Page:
Nowadays, there is so much talk about finding your destiny, purpose or calling that it has become an industry. The vague promises of “entering your destiny” and following your dreams is appealing to many because it offers hope for a better future. There is nothing wrong with having hope, but if you really want to fulfill your purpose/calling/destiny you first need to define what that means. For the sake of not repeating purpose/calling/destiny, which basically means the same thing, we will refer to those three only as purpose for the rest of the message. So what exactly is a purpose? Purpose is your usefulness. Purpose is the reason you were made. This simple fact is lost many times when people contemplate what their purpose is. Instead, many are taught that their purpose is to gain wealth, fame and power. These are desires, not a purpose. Sometimes, even in the church, this view of purpose is taught proclaiming, “God will move you into your purpose of success and blessings.” Again these are desires, not a purpose. It is fine to be successful and blessed, but the real purpose you were created, was not only to be wealthy and blessed, but to be useful. In 2 Timothy 2:20-21 Paul writes, “Now in a large house there are not only gold and silver vessels, but also vessels of wood and of earthenware, and some to honor and some to dishonor. Therefore, if anyone cleanses himself from these things, he will be a vessel for honor, sanctified, useful to the Master, prepared for every good work.” God made us for a purpose of usefulness to do His good work. Usefulness to the Lord can take many different forms. You can pray, minister, preach, give, prophecy, work in the ministry of helps, or many different things, but God ultimately created you to be useful in some way. There are no unused Christians in the body of Christ.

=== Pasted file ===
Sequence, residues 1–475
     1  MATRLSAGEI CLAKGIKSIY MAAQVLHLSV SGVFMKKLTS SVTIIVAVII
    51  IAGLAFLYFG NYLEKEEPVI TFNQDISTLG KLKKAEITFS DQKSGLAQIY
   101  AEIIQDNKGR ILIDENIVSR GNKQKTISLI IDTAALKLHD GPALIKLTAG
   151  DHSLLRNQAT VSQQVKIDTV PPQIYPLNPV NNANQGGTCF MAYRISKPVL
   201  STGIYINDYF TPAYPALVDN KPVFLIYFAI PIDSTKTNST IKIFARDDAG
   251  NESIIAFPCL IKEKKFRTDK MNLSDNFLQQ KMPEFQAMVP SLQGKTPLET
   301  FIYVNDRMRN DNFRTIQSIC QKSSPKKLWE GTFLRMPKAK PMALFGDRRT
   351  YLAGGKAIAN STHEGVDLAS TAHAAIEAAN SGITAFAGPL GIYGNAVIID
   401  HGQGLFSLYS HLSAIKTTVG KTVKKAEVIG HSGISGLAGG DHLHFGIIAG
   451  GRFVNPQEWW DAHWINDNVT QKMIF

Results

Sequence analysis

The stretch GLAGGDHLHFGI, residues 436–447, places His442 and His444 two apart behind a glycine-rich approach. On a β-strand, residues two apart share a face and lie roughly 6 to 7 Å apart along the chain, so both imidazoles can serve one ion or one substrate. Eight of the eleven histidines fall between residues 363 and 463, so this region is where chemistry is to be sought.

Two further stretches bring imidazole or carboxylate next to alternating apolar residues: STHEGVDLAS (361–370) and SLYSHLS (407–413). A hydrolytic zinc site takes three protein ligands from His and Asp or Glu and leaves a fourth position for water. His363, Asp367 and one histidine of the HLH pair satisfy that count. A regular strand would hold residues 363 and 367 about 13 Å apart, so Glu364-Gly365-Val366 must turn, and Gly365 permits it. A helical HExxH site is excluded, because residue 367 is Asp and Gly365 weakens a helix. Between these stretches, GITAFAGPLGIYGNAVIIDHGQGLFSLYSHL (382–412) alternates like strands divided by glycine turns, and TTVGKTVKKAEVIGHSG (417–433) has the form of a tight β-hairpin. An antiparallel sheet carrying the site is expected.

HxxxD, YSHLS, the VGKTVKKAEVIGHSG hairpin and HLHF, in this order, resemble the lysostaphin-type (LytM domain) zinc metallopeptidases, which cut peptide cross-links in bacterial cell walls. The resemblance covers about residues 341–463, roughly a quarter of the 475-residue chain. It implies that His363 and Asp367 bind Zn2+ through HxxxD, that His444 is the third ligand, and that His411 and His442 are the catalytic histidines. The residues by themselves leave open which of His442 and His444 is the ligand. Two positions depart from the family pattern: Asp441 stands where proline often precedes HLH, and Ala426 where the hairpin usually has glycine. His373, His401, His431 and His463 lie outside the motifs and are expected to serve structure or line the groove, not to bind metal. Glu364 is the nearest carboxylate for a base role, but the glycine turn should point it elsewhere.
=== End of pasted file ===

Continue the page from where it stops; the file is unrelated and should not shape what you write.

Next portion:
Laws of Usefulness: Even if you are not a Christian, the law of being useful is what shapes our world. No matter if you are a painter, computer engineer, carpenter, or doctor you have created a niche in which you are useful to others. You are hired to a job because they need your skills and are useful, or you have created something that is desired by the world and thus, you have become useful. In modern times, people that are glorified are those who have created or done something that is loved by the masses. Athletes, musicians and actors are praised by certain people because they have created a feeling that is deemed useful — entertainment (in most instances entertainment is highest valued in society). No matter if you agree with their usefulness or not, somewhere, a segment of people finds their work useful. People gush about a certain song they heard by an artist, or recount a great play by an athlete, or desire to look like a moviestar because in seeing, hearing or experiencing their work it elicits a positive feeling, thus making that entertainment seem useful. This usefulness factor can also be applied to inanimate objects. For example, the iPhone is useful to millions of people around the world, so much so they are sold out for weeks whenever a new device is released. People use iPhones everyday because of its usefulness and as a result it has made Apple the most valuable company in the world. Now, for the Christian, our usefulness is suppose to be for His good work. However, many believers are very confused because the world is delivering an opposite message. The world says the highest form of usefulness is something that entertains us. God says, the highest form of usefulness is to do His good work. The two couldn’t be more at odds. One is for a selfish desire, the other is a selfless act.